Record #:
8297
Abstract:
African American inventors who have lived in North Carolina include two sisters, Mary Beatrice Davidson Kenner and Mildred Davidson Austin Smith, who began inventing when they were little girls. Kenner held five patents and Smith received a patent for a game she developed. Alonzo Parker received his first patent in 1988 on a therapeutic exercise machine and chair. John S. Thurman received a patent in 1988 for a vehicle motion-signaling system.
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Record #:
8298
Author(s):
Abstract:
Dr. Mike Boyette, an agricultural engineer, has been on the faculty at North Carolina State University for twenty-three years. He is an inventor and designer who works to create better farm equipment, structures, and processes. Shore describes some of his inventions.
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Tar Heel Junior Historian (NoCar F 251 T3x), Vol. 46 Issue 1, Fall 2006, p16-17, il
Subject(s):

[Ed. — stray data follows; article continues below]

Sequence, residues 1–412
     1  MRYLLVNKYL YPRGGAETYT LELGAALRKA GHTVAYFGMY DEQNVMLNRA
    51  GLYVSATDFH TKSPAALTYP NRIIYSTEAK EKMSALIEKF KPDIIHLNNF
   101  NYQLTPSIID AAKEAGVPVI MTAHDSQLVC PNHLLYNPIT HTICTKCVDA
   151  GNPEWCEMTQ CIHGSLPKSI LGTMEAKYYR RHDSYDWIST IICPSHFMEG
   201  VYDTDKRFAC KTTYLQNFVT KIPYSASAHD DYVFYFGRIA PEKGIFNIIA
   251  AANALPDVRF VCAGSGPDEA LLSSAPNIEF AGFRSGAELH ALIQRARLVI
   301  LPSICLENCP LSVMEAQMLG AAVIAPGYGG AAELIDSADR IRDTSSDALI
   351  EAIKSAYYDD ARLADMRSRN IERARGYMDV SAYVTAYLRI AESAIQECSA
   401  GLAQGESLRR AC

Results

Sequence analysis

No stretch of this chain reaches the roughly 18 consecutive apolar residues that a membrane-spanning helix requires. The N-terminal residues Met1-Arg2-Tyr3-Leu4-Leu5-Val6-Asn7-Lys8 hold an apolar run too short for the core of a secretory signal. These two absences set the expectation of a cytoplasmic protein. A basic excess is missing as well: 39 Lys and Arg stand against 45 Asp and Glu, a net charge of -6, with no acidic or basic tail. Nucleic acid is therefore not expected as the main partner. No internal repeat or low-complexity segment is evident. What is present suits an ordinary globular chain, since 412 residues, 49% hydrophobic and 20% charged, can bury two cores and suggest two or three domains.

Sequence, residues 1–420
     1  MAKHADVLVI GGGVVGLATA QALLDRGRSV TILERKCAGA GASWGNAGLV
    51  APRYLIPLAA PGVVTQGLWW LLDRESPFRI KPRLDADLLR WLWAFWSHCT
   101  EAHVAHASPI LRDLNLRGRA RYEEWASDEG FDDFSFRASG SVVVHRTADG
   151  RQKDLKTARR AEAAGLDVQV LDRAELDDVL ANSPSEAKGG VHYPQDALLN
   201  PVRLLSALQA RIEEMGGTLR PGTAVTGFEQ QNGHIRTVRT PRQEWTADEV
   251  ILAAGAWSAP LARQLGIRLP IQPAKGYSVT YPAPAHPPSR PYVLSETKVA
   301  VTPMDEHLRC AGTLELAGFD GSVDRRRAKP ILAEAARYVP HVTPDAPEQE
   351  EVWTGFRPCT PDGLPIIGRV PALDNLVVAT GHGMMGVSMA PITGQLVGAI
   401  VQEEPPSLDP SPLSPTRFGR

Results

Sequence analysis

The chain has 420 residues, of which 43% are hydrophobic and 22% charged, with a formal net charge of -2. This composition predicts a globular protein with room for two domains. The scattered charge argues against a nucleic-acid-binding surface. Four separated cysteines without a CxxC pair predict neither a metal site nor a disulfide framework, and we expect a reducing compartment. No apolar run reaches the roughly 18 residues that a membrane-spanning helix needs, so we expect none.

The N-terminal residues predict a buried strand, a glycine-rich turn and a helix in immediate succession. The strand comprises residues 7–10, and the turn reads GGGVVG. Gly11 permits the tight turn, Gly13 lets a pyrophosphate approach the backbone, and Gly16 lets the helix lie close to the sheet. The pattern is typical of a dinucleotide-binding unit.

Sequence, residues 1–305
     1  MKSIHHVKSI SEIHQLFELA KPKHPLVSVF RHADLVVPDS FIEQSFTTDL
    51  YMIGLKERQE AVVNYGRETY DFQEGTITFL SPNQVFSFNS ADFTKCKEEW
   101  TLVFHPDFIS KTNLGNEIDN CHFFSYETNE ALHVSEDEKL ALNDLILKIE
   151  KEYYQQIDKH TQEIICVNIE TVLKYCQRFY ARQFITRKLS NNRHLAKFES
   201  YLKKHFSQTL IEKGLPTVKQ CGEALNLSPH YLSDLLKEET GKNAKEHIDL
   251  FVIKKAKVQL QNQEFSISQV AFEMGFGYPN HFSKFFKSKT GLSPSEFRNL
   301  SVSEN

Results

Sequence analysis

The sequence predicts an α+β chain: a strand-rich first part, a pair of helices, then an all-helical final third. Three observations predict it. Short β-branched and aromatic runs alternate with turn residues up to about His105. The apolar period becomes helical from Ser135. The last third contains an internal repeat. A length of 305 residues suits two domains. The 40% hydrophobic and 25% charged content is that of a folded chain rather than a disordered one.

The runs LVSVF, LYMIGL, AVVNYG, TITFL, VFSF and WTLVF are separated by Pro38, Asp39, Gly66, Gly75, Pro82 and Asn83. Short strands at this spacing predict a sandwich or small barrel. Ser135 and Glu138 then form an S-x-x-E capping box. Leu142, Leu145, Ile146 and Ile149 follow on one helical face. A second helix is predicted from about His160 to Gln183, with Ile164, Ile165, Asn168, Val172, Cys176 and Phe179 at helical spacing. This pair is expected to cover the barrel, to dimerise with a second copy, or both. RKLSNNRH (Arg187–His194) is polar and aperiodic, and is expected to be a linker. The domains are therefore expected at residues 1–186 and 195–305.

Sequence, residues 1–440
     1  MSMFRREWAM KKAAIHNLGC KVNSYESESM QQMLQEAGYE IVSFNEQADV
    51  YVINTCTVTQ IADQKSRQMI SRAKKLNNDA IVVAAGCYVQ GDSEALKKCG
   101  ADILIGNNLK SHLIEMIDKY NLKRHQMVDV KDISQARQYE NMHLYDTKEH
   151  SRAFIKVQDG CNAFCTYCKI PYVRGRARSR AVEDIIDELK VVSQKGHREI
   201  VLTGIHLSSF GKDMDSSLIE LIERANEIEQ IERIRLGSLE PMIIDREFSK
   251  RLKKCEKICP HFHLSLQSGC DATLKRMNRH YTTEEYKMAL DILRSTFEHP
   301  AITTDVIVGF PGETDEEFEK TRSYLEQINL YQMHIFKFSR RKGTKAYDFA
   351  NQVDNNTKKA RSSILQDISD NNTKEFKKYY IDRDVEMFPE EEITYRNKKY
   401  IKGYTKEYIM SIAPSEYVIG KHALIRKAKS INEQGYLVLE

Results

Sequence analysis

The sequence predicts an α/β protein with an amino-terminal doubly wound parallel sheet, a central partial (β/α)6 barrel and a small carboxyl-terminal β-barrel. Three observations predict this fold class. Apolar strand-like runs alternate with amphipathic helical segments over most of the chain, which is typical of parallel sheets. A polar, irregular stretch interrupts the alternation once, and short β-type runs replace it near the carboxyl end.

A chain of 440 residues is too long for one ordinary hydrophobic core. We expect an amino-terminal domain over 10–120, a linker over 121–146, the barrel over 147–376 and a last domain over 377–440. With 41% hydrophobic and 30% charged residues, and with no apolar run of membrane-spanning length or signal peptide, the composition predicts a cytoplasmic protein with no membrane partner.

Record #:
8287
Author(s):
Abstract:
David Williams was born in Cumberland County on November 13, 1900. As a young man, he worked for a railroad company and supplemented his income by making moonshine. A confrontation with law officers led to a shootout in which an officer was killed. Although there is a dispute as to who shot the officer, Williams was charged and sentenced to thirty years in prison. He worked in the metal shop in prison, repairing guns of the guards and developing his own ideas about firearms. In 1929, after serving eight years, his case was reviewed, and he was pardoned. During World War II, Williams worked for the Winchester Repeating Firearms Company in Connecticut. While in prison he had invented the short-stroke piston and floating chamber principle that would revolutionize the small arms industry. This idea led to the development of the M1 carbine. Over six million were manufactured between 1941 and 1945 and gave him his famous nickname \"Carbine\" Williams.
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Tar Heel Junior Historian (NoCar F 251 T3x), Vol. 46 Issue 1, Fall 2006, p31, il, por